Bad Advice Wednesday: Start a Writers Group?

categories: Bad Advice / Cocktail Hour


My Writing Group

A long time ago I would write a story, feel good about it, and send it out to the Paris Review or the New Yorker.  I recall putting the very first of these in a blue mailbox in Ithaca, New York (which dates it early ’70s), and actually going to visit the mailbox for the next week or so.  After a month I got the rejection slip and the story back (remember paper?  envelopes?  “stamps”?  one-month manuscript turnaround?) and then I’d decide one of two things, or I’d pick both:  1) The story sucked.  2) The magazine and its editors and readers and the whole culture that spawned it and them and pretty much everyone in the world sucked.  And so back to my typewriter (remember typewriters?), a fresh story.  Because why would you revise something that sucked?

Of course the rejection meant nothing, offered nothing by way of criticism, implied nothing, predicted nothing.  But that was all I had to go on.  Because I was too shy to show my work to anyone but the screeners at famous magazines.

Later, much later, I’d go to grad school and get over my shyness, but for those long apprentice years I was the secret writer.

Now I have a group of reliable friends who are writers, too.  We send one another  pages, we send back comments.  We get on the phone and talk through solutions to narrative problems.  When I get a reading  from an editor, I can discuss both letter and editor with someone who knows the work in question.  Four, five, six people, great friendships, years of back and forth.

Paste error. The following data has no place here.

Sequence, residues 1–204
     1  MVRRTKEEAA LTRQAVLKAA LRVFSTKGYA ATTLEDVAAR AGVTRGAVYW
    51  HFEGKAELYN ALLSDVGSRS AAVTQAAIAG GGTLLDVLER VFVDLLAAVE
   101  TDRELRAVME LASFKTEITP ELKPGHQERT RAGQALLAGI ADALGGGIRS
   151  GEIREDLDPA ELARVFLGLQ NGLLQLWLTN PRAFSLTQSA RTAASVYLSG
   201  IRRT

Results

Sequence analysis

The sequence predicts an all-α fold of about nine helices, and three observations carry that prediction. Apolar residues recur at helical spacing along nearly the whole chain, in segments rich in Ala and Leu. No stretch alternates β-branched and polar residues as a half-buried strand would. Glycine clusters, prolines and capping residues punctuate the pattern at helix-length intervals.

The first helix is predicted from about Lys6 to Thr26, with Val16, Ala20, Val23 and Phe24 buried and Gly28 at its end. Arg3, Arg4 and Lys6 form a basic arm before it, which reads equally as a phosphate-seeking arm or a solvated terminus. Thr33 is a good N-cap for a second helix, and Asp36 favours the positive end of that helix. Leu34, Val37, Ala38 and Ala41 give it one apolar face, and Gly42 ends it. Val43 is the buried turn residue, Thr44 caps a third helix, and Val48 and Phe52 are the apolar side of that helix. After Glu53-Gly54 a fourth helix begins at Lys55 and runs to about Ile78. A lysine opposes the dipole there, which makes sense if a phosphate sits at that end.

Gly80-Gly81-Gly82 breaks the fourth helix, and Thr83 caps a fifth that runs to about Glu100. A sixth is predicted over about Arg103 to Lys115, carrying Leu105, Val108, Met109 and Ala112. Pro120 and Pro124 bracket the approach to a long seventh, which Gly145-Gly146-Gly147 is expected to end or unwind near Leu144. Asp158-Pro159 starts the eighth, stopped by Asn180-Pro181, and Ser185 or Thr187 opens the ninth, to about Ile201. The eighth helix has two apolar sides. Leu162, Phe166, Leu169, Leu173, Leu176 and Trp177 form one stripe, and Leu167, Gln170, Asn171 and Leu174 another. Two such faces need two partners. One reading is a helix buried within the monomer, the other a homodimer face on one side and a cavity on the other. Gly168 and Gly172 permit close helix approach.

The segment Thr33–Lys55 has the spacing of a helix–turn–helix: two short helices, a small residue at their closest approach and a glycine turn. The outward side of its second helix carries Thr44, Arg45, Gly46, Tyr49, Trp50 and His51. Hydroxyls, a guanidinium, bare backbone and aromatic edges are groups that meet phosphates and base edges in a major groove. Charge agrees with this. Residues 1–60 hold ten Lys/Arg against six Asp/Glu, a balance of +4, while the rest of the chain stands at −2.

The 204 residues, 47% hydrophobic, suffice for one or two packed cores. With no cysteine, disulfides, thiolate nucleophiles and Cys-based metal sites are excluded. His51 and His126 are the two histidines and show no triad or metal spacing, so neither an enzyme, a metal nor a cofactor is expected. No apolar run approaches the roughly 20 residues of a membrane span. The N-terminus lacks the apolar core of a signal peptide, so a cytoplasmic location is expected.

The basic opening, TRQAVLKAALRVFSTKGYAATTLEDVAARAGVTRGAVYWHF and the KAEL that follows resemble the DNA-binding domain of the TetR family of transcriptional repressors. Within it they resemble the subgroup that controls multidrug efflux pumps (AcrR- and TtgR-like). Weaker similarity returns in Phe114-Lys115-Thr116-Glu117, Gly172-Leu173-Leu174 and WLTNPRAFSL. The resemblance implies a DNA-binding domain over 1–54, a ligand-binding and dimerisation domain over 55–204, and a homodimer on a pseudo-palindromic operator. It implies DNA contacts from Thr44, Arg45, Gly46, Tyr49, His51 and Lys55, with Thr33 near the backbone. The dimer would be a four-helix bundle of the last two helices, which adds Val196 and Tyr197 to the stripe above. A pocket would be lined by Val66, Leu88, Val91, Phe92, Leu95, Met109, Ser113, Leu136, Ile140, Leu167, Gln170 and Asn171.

I’d prefer we all be able to meet, but we’re all over the world and don’t all know each other and so that’s not going to happen.

My advice to myself is to start or join a group close to home, meet once with them once a month.  You’d have to have a rule about when the cocktails commenced.  You’d have to have an understanding about how much everyone was expected to put into each manuscript.  But you’d go home with a clear idea of what in your writing was working and what was not, a sense of how readers were responding.  You wouldn’t have to walk around with delusions of grandeur quite as long.  And you wouldn’t be alone with any despair that came up.

But I’m puzzled about how it should go.  Or if I should even consider it.

So.  I want to hear about your writing group.  How does it work?  How often do you meet?  How many people?  What has gone right in your group?  What has gone wrong?  Juicy stories are welcome along with any tips.  Failure stories along with success stories.  And theories of all kinds.